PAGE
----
These have included restitution, redistribution, private transactions and state procurement transactions.
If we add the hectares of land (2.339 million ha) that were successfully identified for restitution, but for which communities elected to receive financial compensation as the means for restitution, then the total area of land rights that were restored since 1994 is 15.56 million ha.
This is equivalent to 20% of formerly white-owned land – much closer to the 30% target (of 23.25 million ha) than commonly believed.
I don’t mention these statistics to justify the relatively slow pace of land reform but to highlight the challenge of the lack of credible land data in South Africa. For effective policy-making, accurate data is key, and we have suggested on various occasions the methods of accelerating this process.
Ngcukaitobi argues that the failure to faithfully implement the land reform policy and its three pillars of redistribution, restitution and tenure should be attributed to weaknesses in the state, including corruption. Thus, blaming the constitution for the slow pace of land reform – and calls for an amendment – are perhaps, misplaced.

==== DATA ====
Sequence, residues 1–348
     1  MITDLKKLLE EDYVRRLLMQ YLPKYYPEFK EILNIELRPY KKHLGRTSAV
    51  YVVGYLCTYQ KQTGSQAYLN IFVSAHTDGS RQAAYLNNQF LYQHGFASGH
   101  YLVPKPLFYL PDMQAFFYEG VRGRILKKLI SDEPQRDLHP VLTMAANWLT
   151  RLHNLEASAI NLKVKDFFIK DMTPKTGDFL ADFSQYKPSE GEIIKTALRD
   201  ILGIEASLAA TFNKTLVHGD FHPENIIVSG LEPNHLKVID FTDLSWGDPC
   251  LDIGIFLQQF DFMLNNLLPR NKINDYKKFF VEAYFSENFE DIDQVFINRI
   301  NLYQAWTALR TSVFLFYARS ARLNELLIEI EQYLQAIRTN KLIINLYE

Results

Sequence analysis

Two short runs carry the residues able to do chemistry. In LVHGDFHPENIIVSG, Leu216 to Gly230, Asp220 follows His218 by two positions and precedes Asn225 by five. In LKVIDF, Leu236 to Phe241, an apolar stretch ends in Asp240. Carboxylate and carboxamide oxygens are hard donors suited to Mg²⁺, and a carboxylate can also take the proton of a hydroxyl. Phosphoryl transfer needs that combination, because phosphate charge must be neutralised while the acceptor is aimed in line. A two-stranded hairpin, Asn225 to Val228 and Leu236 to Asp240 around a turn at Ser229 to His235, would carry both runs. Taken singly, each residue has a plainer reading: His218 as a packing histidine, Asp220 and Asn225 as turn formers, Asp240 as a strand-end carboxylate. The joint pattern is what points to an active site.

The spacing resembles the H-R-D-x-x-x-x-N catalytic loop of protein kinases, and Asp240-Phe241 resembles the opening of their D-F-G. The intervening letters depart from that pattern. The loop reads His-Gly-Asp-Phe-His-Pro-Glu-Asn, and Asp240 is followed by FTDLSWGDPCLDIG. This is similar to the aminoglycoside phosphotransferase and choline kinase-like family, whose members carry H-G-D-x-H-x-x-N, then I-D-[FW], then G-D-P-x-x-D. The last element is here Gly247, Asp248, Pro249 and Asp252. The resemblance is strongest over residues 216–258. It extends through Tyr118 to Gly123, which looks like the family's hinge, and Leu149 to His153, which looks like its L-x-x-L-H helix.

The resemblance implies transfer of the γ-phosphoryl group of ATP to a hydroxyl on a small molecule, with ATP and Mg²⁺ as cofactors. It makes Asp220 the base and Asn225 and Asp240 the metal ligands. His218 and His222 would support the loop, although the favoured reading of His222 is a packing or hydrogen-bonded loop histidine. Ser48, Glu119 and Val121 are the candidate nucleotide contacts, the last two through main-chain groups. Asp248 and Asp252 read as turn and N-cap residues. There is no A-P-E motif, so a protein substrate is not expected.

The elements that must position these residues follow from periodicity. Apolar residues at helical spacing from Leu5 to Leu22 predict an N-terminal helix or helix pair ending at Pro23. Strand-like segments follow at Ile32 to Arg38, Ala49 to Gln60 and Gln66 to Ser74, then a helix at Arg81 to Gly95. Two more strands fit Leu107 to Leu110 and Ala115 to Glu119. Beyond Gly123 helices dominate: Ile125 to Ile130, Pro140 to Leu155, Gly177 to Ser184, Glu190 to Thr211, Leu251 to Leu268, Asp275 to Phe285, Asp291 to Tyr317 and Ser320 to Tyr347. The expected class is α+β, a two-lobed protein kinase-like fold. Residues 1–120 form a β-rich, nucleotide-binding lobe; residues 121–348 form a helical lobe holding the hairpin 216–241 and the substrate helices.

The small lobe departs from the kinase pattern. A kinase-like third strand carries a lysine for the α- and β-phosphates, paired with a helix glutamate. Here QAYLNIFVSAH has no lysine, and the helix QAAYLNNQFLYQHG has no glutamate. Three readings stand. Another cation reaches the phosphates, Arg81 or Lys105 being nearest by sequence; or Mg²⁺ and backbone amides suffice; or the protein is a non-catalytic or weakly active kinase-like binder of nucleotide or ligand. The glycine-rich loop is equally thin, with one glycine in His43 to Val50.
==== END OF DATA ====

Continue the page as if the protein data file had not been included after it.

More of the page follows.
Another critical aspect the book highlights is the role of women in land reform by offering both the historical part played by women in the South African society and a mirror of how they have not benefited from redistribution in the recent past.
Finally, there are some success stories that might have been examined more in-depth. Examples are joint venture approaches to land reform, specifically within agriculture. The success stories are important as they provide insight into what can be done better going forward.
Overall, Land Matters is crucial work that should be read by all South Africans who care about the country’s future. The point about the weakness of institutions comes up several times in the book. This is a critical aspect that the government should prioritise. It should strengthen the land reform delivery instruments and do more with the establishment of the Land Reform and Agricultural Development Agency that has already been announced by the president.
Follow me on Twitter (@WandileSihlobo).